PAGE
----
U.S. women made their presence felt Sunday afternoon at the Diamond League meet in Birmingham, England, winning three events and posting six top-three finishes.
The lion’s share of that haul came in the women’s 100-meter hurdles as Keni Harrison led a U.S. sweep of the top four spots in the race. All told, U.S. athletes claimed 13 top-three finishes at the sixth stop of the 14-meet series.
Harrison bolstered her Diamond Race lead with a first-place finish in a meet record time of 12.46 seconds, 0.11 ahead of teammate Brianna Rollins. Kristi Castlin was third across the line in 12.75 seconds, followed by Dawn Harper-Nelson at 12.78, her best this season. Adding to the U.S. dominance, Nia Ali came in sixth with a result of 12.95 seconds.
“I’m glad I came across the line first, as I was hitting a few hurdles,” Harrison said. “I’m blessed to be healthy. (Leading) the Diamond League standings is good, but I’m focusing on one thing at a time by making the Olympic team. I’m happy with how my form is now. I feel like I’m in the best shape I’ve ever been in and I’m excited to be racing with such good competition.”
The U.S. also enjoyed a strong showing in the women’s 400-meter hurdles, where 2015 worlds bronze medalist Cassandra Tate took the Diamond Race lead, edging out Great Britain’s Eilidh Doyle in a photo finish. Both were clocked at 54.57 seconds, a season best for Tate. Georganne Moline was third in 54.63 seconds, while Dalilah Muhammad was fourth, crossing the line in 54.75 seconds.
“I went out pretty hard for the first half of the race,” Tate said. “I had to fight hard right to the end. Eilidh pushed me all the way. She is a very good athlete and it’s always great to compete against her.”
In the women’s 100-meter, English Gardner claimed the victory in 11.02 seconds to move into second in the Diamond Race. Tianna Bartoletta finished third at 11.11 seconds, just behind the 11.09 of Dafne Schippers of the Netherlands.
“I’m excited I finally executed,” said Gardner, who won two NCAA 100-meter titles for Oregon. “I was confident in my training, confident in my execution and I got to the line first, so it was a great day.”
Completing the stellar U.S. women’s performances was 2012 Olympian Tia Brooks, who threw a personal best of 19.73 meters to win the women’s shot put, besting Diamond Race leader Valerie Adams of New Zealand by 0.1 meters. Jillian Camarena-Williams finished fifth with a throw of 17.74 meters, while Brittany Smith was sixth, throwing 16.82 meters.
“It has been such a great year so far, and what a year to do it in!” said Brooks, who is second in the Diamond Race and only four points behind Adams. “Just to come overseas and get a personal best, I could not ask for more.”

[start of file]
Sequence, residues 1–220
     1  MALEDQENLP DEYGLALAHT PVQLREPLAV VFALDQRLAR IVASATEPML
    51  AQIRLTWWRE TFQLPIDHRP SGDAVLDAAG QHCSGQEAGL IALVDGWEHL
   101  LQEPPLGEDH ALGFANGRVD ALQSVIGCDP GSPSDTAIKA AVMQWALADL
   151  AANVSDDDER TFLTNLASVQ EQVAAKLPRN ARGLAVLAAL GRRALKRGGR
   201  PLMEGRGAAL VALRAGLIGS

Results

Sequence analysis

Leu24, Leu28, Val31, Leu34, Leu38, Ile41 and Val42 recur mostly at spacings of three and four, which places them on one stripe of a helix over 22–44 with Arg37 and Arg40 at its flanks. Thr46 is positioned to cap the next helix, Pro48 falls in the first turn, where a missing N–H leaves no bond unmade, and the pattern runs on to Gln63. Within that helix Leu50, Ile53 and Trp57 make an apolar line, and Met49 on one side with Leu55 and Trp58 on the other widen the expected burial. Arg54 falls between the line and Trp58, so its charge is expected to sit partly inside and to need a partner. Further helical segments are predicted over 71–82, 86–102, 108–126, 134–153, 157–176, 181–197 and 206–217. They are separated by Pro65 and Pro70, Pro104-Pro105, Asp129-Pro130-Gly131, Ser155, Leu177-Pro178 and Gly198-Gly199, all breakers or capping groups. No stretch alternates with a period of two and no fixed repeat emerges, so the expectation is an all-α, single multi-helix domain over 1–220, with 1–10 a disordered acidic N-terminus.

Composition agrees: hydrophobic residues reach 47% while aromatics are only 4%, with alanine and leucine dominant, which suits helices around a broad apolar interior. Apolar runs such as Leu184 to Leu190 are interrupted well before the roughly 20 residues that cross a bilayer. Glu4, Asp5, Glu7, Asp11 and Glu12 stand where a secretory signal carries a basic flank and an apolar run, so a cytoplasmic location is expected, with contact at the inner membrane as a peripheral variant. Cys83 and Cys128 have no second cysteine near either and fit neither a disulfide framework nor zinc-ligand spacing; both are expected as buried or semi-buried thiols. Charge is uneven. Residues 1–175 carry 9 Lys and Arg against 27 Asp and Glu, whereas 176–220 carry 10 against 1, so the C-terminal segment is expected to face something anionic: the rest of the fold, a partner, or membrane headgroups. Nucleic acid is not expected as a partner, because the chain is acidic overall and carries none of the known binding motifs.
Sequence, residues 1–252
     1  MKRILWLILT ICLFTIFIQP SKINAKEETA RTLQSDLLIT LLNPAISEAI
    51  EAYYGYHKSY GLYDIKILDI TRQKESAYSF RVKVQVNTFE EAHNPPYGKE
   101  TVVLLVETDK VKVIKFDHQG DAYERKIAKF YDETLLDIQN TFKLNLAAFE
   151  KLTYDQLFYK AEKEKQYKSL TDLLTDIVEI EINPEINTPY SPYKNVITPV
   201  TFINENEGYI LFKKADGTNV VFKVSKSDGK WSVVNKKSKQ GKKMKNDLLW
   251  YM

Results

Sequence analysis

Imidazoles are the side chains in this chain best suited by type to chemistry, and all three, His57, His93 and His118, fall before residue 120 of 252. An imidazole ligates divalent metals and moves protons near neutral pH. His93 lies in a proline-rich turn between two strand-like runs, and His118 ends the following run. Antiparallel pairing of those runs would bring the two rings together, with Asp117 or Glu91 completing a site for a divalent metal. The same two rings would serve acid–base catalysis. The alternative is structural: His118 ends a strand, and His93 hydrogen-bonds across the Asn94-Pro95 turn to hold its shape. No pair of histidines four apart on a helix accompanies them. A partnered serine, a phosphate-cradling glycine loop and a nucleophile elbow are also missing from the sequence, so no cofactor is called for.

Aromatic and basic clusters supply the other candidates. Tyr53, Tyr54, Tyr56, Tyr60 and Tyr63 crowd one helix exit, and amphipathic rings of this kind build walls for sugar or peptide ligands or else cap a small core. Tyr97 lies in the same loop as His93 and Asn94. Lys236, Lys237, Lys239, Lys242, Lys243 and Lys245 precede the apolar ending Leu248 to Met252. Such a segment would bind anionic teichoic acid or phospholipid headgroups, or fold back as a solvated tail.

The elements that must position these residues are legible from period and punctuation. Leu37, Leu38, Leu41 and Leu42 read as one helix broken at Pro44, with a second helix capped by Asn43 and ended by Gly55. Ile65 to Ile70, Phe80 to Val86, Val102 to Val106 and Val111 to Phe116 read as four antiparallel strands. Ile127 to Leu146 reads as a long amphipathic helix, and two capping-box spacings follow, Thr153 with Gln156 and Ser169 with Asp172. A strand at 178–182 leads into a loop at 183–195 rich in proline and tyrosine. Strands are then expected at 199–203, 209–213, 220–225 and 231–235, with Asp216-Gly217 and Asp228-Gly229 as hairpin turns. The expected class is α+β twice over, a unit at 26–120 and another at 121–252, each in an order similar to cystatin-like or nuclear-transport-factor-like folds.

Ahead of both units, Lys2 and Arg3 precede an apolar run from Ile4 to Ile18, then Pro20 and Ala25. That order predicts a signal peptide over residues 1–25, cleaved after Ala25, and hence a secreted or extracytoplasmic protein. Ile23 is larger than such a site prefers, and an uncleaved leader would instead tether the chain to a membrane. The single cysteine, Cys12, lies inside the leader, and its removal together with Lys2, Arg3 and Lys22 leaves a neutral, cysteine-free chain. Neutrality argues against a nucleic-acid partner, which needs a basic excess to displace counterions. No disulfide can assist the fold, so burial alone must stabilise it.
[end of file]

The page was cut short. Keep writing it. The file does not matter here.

The U.S. men also performed well, paced by the one-two finish of Marquise Goodwin and Michael Hartfield in the men’s long jump. Coupled with his second-place finish Thursday in Rome, Goodwin moved into the Diamond Race lead by one point with his leap of 8.42 meters in Birmingham. Hartfield had a best of 8.29 meters to edge out France’s Fabrice Lapierre by 0.08 meters. Christian Taylor was seventh with an effort of 7.96 meters.
“I thought I would do well out here today,” said Goodwin, who was 10th at the London 2012 Olympic Games. “The atmosphere was great to compete in. The Diamond League is definitely the best platform to compete against the best athletes in the world. I enjoy every second of it.”
Erik Kynard, the reigning Olympic silver medalist, finished second in men’s high jump to extend his Diamond Race lead. His season-best jump of 2.35 meters was just behind the world-leading 2.37 meters cleared by Mutaz Essa Barshim of Qatar.
Sean McLean finished third for the U.S. in the men’s 200-meter, finishing in 20.24 seconds. It was a crowded finish line, as Canada’s Andre De Grasse ran a season-best 20.16 seconds to edge out Panama’s Alonso Edward’s 20.17 seconds. After winning the 200 Thursday in Rome, Ameer Webb placed fifth Sunday in 20.62 seconds to fall to second in the Diamond Race, trailing Edward by four points. Isiah Young was sixth Sunday with a time of 20.65 seconds.
Vernon Norwood also picked up a third-place finish Sunday with result of 45.08 seconds in the men’s 400-meter. Kirani James of Grenada won in a meet-record time of 44.23 seconds, while Botswana’s Isaac Makwala was second in 44.97 seconds.